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Teen Has Plenty of Photos From His Soviet Trip

September 05, 1989|CATHERINE M. SPEARNAK

SAN DIEGO — After graduating from Mira Mesa High School last June, some of Jason Whaley's classmates jumped on the first plane to Hawaii, checked into a cheap hotel for a week, and celebrated on the beach until they acquired a glowing, magenta sunburn.

Whaley eschewed the traditional graduation partying to ride stuffy trains to 32 cities in 23 days and eat beet soup--paying $3,300 for the privilege.

"It was worth every penny," said Whaley, 17, an aspiring photojournalist who shot 75 rolls of film--about 2,700 pictures--during a three-week trip to the Soviet Union this summer.

"That camera was like an appendage. Whatever was happening, Jason was always right there with his camera," said Bill Melton, head chaperon on the Russian excursion that Whaley made with 32 other students from San Diego County.

The trip was sponsored by People to People, a nonprofit organization founded by the U.S. State Department during the Eisenhower Administration to encourage international student exchange.

'Learning-Oriented Trip'

"I knew it wasn't going to be a vacation. I knew it was going to be a very vigorous, learning-oriented trip, and I was ready for it," Whaley said.

He prepared not only by reading more than 70 articles written by the State Department, but by writing to Kodak, Agfa and Fuji to request film for the trip. The latter two sent a total of 45 rolls.

But Minolta came through in the biggest way. After the company president in Osaka, Japan, received a letter from Whaley, he agreed to give him a camera, lens and motor drive--about $2,000 worth of equipment--in exchange for publication rights of the photos Whaley shot.

Some of those pictures will appear in the 1990 edition of Minolta Mirror, the company's annual international journal of photography. Such exposure will somewhat eclipse Whaley's previous career highlight: having pictures published in the Mira Mesa Marauder, the high school yearbook.

Whaley's group flew from San Diego to New York, then to Helsinki, Finland. They then traveled by train to Sochi, a resort town on the Black Sea, where they got as crazy as their friends who had gone to Hawaii. They even threw a watermelon off the balcony of their 17th-story room just to watch it splatter.

"We had a lot of time, so we did some very American things," Whaley said.

They sobered up quickly, however, when they arrived in Kiev and realized they were a mere 60 miles from Chernobyl. Although everyone in the group had read about the nuclear disaster there, they were shocked to see how close the plant was to the huge city.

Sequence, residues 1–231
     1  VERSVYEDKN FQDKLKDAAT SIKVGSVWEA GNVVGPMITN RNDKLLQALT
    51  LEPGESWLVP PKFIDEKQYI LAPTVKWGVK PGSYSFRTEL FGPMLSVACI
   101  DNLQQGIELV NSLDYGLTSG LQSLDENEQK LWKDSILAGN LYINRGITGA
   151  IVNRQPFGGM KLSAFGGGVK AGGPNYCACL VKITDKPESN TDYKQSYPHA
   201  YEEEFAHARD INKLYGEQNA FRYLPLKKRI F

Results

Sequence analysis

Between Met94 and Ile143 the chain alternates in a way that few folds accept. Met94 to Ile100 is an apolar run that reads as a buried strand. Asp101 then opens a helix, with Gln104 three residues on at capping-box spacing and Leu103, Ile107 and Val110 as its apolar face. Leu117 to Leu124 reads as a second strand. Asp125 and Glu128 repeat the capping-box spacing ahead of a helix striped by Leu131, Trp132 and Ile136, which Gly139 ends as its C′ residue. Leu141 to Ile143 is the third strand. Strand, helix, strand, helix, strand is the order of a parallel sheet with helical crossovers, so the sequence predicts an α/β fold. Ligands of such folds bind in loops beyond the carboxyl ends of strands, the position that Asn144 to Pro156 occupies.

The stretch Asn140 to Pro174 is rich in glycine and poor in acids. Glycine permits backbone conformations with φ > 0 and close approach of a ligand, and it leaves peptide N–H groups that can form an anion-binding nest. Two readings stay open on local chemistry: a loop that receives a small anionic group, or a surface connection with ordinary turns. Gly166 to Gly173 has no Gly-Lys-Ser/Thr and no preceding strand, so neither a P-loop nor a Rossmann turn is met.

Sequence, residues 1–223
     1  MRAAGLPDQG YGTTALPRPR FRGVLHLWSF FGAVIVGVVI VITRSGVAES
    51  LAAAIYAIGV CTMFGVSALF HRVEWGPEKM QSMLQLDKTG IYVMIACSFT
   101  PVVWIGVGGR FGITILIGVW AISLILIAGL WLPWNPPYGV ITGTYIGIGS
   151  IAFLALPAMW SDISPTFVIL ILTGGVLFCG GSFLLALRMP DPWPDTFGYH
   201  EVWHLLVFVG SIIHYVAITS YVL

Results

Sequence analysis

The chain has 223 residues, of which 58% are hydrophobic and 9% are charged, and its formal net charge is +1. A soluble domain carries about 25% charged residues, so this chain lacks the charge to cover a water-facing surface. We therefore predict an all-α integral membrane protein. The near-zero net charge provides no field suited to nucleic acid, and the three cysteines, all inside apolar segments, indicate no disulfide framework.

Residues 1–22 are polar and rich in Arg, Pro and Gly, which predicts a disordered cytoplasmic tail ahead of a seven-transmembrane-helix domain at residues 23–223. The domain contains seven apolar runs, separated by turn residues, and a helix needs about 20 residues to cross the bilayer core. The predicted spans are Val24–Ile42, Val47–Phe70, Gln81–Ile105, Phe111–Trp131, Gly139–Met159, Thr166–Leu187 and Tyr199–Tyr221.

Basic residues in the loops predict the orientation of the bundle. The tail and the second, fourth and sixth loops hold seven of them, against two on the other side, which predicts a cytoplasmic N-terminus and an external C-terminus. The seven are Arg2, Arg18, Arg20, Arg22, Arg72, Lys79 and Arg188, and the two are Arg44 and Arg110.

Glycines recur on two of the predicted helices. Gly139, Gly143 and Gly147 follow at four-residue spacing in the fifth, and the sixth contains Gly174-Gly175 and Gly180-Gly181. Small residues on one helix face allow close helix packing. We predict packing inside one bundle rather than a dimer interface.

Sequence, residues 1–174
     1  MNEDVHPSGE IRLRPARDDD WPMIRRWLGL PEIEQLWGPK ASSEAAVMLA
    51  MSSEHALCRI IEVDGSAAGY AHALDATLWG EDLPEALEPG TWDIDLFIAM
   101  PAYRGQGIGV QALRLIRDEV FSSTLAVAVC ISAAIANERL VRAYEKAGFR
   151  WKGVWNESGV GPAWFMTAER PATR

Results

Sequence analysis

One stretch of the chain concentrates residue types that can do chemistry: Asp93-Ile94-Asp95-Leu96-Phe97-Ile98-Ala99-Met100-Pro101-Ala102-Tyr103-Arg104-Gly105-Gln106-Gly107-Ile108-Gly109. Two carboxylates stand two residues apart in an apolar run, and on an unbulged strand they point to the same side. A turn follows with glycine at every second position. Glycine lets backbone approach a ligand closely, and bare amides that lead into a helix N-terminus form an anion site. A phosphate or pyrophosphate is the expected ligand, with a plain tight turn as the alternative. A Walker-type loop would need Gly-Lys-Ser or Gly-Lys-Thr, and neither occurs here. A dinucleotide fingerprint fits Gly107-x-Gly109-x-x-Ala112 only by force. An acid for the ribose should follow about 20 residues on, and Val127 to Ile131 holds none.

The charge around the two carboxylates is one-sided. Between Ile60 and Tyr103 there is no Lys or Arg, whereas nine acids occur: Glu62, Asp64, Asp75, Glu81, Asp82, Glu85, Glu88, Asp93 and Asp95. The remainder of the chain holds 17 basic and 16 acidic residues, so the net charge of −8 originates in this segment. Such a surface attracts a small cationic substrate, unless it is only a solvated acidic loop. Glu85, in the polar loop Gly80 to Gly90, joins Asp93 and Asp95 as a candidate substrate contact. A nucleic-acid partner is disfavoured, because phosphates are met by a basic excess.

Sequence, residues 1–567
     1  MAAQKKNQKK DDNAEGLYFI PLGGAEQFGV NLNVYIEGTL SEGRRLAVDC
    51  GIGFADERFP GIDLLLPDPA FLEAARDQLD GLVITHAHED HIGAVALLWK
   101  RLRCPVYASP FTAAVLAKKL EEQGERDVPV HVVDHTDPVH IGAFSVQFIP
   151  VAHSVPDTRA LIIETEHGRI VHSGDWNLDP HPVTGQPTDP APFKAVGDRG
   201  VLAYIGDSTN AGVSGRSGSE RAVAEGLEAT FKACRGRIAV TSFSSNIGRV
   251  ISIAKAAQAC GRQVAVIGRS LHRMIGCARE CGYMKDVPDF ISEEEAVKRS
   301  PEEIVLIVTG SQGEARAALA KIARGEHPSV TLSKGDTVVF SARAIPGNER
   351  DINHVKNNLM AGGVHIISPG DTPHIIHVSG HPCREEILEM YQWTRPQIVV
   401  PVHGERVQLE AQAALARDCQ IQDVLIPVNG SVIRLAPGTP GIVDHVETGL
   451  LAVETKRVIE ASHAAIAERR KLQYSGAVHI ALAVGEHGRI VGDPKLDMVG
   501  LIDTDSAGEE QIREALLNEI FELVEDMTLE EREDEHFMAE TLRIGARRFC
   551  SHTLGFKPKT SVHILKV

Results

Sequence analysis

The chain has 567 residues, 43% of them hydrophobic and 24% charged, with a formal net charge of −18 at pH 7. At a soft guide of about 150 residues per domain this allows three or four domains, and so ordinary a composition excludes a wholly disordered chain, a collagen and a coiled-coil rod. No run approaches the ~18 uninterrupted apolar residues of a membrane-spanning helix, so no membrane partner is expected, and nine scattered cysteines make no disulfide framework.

"When we first got there, I even considered fasting, but I figured I'd still be irradiated from the water," Whaley said, admitting that he was overly concerned about radiation poisoning. "Actually, I ended up having some of the best food on the trip there. . . . No matter what anyone says about borscht, I think it's good."

There were other highlights: a dinner and long visit at the home of a Soviet librarian in Kiev, talking politics with members of the city council in Minsk.

Another rare opportunity arose while Whaley walked with friends near Red Square. He saw a demonstration being held by members of Hare Krishna and, realizing the significance of a religious protest in a communist country, began clicking. He told his friends to take the bus back to their hostel; he'd take a cab.

While Whaley found the Soviets friendly, easy to talk to and curious about American life, it was a different story when he took to the streets with his camera.

"One of the hardest things for me as a photographer was to find someone smiling. When I went for my home stay (a visit to a resident's home), the librarian told me, 'That's because we have nothing to smile about.' Their country is changing rapidly, and they're scared."

Whetted His Appetite

Whaley got some of his best shots in Moscow. His favorite, a picture of the spiraled towers of St. Basil's Cathedral on Red Square rising against a surreal gray sky, is the only photo he's printed. Developing the rest of the film may take a while for Whaley, who works as a cook.

The trip has merely whetted his appetite for travel. He hopes to attend the world-famous Brooks Institute of Photography in Santa Barbara, then work as a photographer for National Geographic magazine.

Whaley plans to spend the next two years working in a lab or at a photography studio, cleaning floors if has to, to save money to attend Brooks.

Meanwhile, he's happy to rest on the memories of three weeks in the Soviet Union.

"Without a doubt, this has been the best experience of my life," he said. "I don't know when, but someday I'm going to go back."

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